Factors influencing osteoporosis preventive behaviours: testing a path model
Version of Record online: 18 APR 2008
© 2008 The Authors. Journal compilation © 2008 Blackwell Publishing Ltd
Journal of Advanced Nursing
Volume 62, Issue 3, pages 336–345, May 2008
How to Cite
Hsieh, C.-H., Wang, C.-Y., McCubbin, M., Zhang, S. and Inouye, J. (2008), Factors influencing osteoporosis preventive behaviours: testing a path model. Journal of Advanced Nursing, 62: 336–345. doi: 10.1111/j.1365-2648.2008.04603.x
- Issue online: 18 APR 2008
- Version of Record online: 18 APR 2008
- Accepted for publication 20 December 2007
- path analysis;
- social capital;
- social support
Title. Factors influencing osteoporosis preventive behaviours: testing a path model.
Aim. This paper is a report of a study to test a model of certain factors influencing people engaging in osteoporosis preventive behaviours, and to estimate the direct and indirect effects of personal and social factors on whether people engage in those behaviours.
Background. Osteoporosis preventive behaviours, including exercise and calcium intake, help decreasing the risk of developing osteoporosis. Reasons for engaging in osteoporosis preventive behaviours are complex and influenced by personal and social factors. Years of education, self-efficacy, knowledge of osteoporosis, social support and social capital have been indicated to increase people engaging in osteoporosis preventive behaviours; but age has been shown to decrease those behaviours.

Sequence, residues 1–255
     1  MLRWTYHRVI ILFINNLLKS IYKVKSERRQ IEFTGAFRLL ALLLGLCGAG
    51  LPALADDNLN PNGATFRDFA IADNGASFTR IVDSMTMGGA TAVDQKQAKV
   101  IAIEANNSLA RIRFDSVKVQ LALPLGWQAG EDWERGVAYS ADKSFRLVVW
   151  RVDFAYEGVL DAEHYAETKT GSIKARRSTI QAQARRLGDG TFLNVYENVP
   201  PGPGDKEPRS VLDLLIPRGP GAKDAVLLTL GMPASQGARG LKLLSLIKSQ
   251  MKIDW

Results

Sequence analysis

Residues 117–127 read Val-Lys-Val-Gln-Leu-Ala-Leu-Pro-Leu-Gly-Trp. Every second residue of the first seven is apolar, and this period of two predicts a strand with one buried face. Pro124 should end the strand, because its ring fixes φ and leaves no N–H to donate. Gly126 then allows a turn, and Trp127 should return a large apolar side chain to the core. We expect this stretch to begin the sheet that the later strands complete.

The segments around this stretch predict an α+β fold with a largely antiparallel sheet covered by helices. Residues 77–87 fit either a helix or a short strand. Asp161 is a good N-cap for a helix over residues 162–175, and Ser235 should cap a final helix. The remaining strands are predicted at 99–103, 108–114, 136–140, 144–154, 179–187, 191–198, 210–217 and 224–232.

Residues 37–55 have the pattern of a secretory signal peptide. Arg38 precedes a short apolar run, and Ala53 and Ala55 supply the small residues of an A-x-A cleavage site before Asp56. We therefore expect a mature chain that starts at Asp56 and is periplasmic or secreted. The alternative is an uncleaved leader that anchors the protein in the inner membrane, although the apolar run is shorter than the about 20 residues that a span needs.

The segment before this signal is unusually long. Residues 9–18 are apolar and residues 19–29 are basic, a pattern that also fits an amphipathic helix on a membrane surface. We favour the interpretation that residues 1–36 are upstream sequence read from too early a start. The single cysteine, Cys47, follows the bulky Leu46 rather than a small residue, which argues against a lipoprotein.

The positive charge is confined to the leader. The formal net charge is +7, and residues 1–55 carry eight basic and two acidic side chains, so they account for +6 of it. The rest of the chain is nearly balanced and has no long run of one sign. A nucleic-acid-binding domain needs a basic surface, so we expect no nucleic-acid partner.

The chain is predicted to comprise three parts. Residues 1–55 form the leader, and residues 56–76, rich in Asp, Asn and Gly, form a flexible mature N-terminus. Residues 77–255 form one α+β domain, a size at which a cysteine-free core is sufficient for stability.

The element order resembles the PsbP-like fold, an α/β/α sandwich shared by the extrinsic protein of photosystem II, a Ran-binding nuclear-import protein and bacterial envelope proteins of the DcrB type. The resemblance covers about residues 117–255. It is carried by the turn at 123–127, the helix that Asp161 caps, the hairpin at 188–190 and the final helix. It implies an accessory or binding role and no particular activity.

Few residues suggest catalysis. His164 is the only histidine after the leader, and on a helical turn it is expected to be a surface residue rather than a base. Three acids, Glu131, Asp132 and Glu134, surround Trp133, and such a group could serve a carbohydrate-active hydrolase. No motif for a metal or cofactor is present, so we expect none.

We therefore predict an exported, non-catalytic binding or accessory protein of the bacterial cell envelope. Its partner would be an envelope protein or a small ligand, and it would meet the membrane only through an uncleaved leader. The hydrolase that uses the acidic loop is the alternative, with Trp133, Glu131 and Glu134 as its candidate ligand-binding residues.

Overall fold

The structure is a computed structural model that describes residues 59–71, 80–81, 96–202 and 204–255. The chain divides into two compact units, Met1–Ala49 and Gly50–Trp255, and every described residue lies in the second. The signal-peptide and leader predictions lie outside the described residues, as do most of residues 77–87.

Methods. The proposed model was developed using Social Cognitive Theory and a conceptual framework for addressing the social context of health behaviour. A correlational cross-sectional study was carried out in 2005, using questionnaires and a convenience sample of 243 participants. Data analysis included descriptive statistics, correlation techniques and path analysis.
Results. Self-efficacy was a better predictor of engaging in osteoporosis preventive behaviours than were the other variables. Social capital had a statistically significant direct and indirect effect on osteoporosis preventive behaviours. The modified path model showed good fit with the data.
Conclusion. The associations between personal and social factors extend our knowledge from previous studies and increase our understanding of the complex relationships among the study variables. The model provides guidance for future nursing practice, research, and education programs related to osteoporosis prevention.